Number 1 Reason to Upgrade to PowerShell 4.0: Desired State Configuration

Summary: Windows PowerShell MVP, Dave Wyatt, says the number 1 reason to upgrade to Windows PowerShell 4.0 is Desired State Configuration.

Microsoft Scripting Guy, Ed Wilson, is here. Today, Dave Wyatt, is back to share his ideas about upgrading to Windows PowerShell 4.0.

Dave is a Microsoft MVP (Windows PowerShell) and a member of the board of directors at He works in IT, mainly focusing on automation, configuration management, and production support of Windows Server and point-of-sale systems for a large retail company.

Blog: Dave Wyatt's Blog
Twitter: @MSH_Dave

When I got an email from the Scripting Guy asking for ideas for a series of posts about “Why upgrade to PowerShell 4.0?”, I replied that they should be called DSC, DSC, DSC, DSC, and DSC. As you have seen in the other posts this week, there are some neat new features in Windows PowerShell 4.0, but in my opinion, they’re small potatoes compared to the introduction of the Desired State Configuration feature.

At its core, Desired State Configuration is a configuration management engine. You can think of it like Group Policy on steroids. Instead of being limited to configuring registry values and a few other simple parts of Windows, a DSC configuration can quite literally do anything.

DSC embraces the DevOps staples of automation and “infrastructure as code.” By defining your server configurations in DSC, you can reinstall the operating system on a server, or you can duplicate its configuration to a new server or virtual machine and have the proper configuration applied with very little manual intervention, if any.

From a pure Windows point-of-view, DSC consists of the following parts:

  • Local Configuration Manager: An agent that runs on all Windows computers that have Windows PowerShell 4.0.
  • DSC resources: Small Windows PowerShell modules designed to configure a specific type of item on a computer.
  • MOF documents: Standards-based text files that are read by the Local Configuration Manager. They tell it which resources to execute and what parameters to pass to these resources.
  • Configuration scripts: Scripts written in Windows PowerShell that are used to produce the MOF documents.
  • Configuration data: A set of parameters passed to the configuration script.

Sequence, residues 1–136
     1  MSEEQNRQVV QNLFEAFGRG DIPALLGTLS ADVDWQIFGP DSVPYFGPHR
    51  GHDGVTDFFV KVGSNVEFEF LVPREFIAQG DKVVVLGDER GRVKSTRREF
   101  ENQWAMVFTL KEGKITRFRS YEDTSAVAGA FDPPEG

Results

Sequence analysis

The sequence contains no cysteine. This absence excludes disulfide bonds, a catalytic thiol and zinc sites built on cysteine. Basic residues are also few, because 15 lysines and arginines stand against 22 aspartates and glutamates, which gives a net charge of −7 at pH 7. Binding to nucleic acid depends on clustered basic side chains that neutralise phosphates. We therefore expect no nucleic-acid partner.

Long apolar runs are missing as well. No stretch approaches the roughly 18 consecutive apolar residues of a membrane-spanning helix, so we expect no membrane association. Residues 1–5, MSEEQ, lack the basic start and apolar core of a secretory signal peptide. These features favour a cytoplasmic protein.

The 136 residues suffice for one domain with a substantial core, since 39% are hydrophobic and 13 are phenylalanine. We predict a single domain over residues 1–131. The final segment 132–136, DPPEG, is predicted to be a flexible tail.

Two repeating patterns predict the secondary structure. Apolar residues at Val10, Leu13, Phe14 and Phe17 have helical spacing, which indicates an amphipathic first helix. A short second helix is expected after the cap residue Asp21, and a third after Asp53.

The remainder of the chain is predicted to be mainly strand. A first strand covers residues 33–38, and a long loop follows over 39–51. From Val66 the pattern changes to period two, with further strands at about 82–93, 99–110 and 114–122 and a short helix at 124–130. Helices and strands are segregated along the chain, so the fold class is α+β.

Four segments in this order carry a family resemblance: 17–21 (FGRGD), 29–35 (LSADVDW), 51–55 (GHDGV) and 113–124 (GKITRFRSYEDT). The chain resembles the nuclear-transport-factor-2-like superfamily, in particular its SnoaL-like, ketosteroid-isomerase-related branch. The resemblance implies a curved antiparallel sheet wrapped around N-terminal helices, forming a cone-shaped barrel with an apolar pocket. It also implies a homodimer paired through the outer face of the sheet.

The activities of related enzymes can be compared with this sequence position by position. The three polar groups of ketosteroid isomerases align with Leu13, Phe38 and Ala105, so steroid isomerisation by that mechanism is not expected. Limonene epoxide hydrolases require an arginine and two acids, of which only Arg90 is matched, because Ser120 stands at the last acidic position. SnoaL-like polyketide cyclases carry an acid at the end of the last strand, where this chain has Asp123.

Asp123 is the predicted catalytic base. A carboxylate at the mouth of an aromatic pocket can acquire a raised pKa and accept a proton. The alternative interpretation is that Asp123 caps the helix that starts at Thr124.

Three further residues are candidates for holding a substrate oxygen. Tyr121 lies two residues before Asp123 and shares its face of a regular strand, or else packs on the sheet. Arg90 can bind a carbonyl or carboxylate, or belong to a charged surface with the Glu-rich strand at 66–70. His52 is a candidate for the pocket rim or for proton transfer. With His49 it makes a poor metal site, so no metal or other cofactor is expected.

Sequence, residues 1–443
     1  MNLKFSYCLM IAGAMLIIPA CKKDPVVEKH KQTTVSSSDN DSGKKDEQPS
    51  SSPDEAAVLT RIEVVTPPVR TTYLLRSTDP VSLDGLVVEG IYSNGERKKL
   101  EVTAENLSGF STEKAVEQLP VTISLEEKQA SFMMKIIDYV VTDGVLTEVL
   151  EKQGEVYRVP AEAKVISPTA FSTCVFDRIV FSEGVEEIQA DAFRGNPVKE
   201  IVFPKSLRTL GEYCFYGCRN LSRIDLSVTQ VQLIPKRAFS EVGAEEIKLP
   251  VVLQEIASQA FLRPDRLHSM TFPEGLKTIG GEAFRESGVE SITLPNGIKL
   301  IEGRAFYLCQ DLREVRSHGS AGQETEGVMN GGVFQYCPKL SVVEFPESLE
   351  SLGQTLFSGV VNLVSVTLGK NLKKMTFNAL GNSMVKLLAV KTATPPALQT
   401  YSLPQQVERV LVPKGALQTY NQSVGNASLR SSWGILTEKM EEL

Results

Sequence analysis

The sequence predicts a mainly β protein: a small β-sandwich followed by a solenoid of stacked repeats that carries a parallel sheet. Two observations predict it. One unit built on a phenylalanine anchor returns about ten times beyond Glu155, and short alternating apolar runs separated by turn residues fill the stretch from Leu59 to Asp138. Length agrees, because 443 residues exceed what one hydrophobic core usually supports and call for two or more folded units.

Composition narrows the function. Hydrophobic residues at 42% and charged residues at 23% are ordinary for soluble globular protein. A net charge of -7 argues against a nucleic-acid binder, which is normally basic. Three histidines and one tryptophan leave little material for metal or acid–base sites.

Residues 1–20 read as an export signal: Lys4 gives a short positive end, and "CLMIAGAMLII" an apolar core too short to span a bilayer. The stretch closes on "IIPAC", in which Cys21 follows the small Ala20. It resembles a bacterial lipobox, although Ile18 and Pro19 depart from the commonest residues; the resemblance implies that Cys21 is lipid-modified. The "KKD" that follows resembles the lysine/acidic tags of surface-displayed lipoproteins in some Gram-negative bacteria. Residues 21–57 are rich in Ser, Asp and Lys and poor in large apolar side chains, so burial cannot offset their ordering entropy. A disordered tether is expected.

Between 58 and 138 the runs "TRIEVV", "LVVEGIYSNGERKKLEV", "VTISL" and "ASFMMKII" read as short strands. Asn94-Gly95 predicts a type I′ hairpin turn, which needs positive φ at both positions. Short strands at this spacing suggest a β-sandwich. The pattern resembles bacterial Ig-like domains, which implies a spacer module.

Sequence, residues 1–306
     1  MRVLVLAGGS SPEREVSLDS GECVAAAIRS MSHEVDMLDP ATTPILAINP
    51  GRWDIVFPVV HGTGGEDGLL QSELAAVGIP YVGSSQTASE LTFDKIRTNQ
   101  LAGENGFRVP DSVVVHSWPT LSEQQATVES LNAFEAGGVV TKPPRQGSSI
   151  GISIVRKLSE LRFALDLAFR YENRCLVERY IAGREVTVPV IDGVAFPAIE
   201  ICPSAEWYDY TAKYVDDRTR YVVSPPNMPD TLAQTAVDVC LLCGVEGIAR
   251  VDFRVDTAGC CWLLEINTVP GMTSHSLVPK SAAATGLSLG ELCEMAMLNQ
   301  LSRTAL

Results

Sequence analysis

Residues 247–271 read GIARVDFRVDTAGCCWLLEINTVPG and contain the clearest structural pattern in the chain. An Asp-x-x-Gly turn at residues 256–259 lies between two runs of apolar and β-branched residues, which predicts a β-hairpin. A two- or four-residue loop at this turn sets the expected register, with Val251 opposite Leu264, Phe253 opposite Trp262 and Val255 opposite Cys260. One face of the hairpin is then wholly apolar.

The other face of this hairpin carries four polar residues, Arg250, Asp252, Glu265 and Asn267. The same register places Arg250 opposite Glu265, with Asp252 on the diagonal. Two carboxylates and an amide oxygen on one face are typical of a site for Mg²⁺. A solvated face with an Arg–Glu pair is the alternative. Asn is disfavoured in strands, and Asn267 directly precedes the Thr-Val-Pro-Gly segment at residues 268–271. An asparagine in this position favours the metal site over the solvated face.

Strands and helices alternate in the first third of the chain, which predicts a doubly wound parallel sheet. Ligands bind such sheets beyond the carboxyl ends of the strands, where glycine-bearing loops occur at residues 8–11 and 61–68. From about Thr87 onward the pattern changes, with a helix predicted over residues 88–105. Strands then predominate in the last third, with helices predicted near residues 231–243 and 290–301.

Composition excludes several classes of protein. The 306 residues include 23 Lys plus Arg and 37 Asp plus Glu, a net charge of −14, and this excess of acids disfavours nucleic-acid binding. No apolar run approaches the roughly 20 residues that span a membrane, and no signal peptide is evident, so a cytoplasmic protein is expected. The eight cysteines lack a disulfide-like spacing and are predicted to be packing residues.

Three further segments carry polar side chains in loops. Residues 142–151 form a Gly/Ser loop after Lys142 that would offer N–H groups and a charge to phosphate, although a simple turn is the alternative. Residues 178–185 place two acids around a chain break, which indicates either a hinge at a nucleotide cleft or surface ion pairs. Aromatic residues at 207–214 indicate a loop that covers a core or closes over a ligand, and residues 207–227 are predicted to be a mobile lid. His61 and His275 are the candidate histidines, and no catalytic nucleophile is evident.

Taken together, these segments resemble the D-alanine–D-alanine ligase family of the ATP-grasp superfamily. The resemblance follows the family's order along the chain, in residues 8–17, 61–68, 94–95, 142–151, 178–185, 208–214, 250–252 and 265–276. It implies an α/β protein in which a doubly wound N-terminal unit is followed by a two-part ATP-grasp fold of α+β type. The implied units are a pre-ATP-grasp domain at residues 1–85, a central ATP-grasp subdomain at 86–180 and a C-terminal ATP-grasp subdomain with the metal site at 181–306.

• Pull Server and Compliance Server: OData-based web endpoints that can serve resources and MOF documents to the Local Configuration Manager and can keep track of the compliance status.

The exciting thing about Desired State Configuration is that every one of these items doesn’t have to be tied to the Windows operating system and Windows PowerShell. Because of that MOF document layer, you can use DSC in a number of ways, for example:

  • You could use the features listed previously as-is, and manage Windows computers from Windows computers.
  • You could use an existing configuration management toolset, such as Chef, in conjunction with DSC, where Chef would be responsible for producing the MOF documents that are sent to Windows endpoints (essentially, managing computers running Windows from Linux computers).
  • You could write configuration scripts in Windows and send them to Linux computers—thanks to the open management infrastructure (OMI), which includes a Linux version of the Local Configuration Manager. In this situation, you would have Linux-specific resources that are not Windows PowerShell modules, but rather, scripts or executables that run on Linux.

This is not the Microsoft I grew up with! Instead of making some proprietary piece of software that can only be used in basically one way, this architecture can play well with any non-Microsoft software vendor who wants to make use of it.

I’ve heard it said that DSC is an API that is intended to be used by other developers to produce a complete configuration management solution, and I think that’s a great description. The first version of it (as released with Windows PowerShell 4.0) can be a little bit rough around the edges, but Microsoft is putting a huge amount of effort into this feature, and it’s getting better every day.

There’s really no limit to the configuration management you can do with DSC, but let’s take a look at a quick and simple example. In our dummy configuration, we’ll create a .ini file and specify the contents that should be in that file. The configuration script looks like this:

Image of command output

Now, let’s take that .mof file and apply it to our test server:

Image of command output

As you can see from the screenshot, the Sample.ini file (and the entire C:\Temp folder, for that matter) did not exist prior to applying the configuration. After the configuration was applied and the file created, I manually deleted the file. The next time the Local Configuration Manager checked the machine’s state, it saw that the file needed to be re-created with the specified contents.


Thank you, Dave, for your willingness to share your time and knowledge.

I invite you to follow me on Twitter and Facebook. If you have any questions, send email to me at, or post your questions on the Official Scripting Guys Forum. See you tomorrow. Until then, peace.

Ed Wilson, Microsoft Scripting Guy 

Comments (3)

  1. David Wyatt says:

    I would say that the value of DSC (and configuration management in general) goes up based on the number of machines you have to manage. For a single workstation, there’s probably not much point in using this sort of solution.

  2. Chen V says:

    Thanks for sharing!

  3. Paul Moore says:

    One question that strikes me whenever DSC comes up. Is there any value to DSC if I *don’t* manage servers, but just use Powershell as my local shell? I ask because I can’t see how I’d use it, but everyone refers to DCS as the killer feature of PowerShell
    4.0, and I’m not clear if that’s only the case if you manage servers…

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